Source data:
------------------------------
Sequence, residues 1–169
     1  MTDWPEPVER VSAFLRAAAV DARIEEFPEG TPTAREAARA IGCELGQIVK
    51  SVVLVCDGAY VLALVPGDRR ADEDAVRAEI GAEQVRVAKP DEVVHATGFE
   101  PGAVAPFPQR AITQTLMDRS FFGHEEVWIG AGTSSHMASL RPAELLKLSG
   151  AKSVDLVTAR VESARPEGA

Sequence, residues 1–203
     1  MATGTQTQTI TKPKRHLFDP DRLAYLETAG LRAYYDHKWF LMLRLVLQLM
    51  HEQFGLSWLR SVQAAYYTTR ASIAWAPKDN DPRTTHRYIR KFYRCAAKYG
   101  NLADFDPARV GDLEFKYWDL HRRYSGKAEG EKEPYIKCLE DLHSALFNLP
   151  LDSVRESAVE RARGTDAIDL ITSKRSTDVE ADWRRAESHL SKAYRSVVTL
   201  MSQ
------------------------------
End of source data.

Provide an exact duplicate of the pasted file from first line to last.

Sequence, residues 1–169
     1  MTDWPEPVER VSAFLRAAAV DARIEEFPEG TPTAREAARA IGCELGQIVK
    51  SVVLVCDGAY VLALVPGDRR ADEDAVRAEI GAEQVRVAKP DEVVHATGFE
   101  PGAVAPFPQR AITQTLMDRS FFGHEEVWIG AGTSSHMASL RPAELLKLSG
   151  AKSVDLVTAR VESARPEGA

Sequence, residues 1–203
     1  MATGTQTQTI TKPKRHLFDP DRLAYLETAG LRAYYDHKWF LMLRLVLQLM
    51  HEQFGLSWLR SVQAAYYTTR ASIAWAPKDN DPRTTHRYIR KFYRCAAKYG
   101  NLADFDPARV GDLEFKYWDL HRRYSGKAEG EKEPYIKCLE DLHSALFNLP
   151  LDSVRESAVE RARGTDAIDL ITSKRSTDVE ADWRRAESHL SKAYRSVVTL
   201  MSQ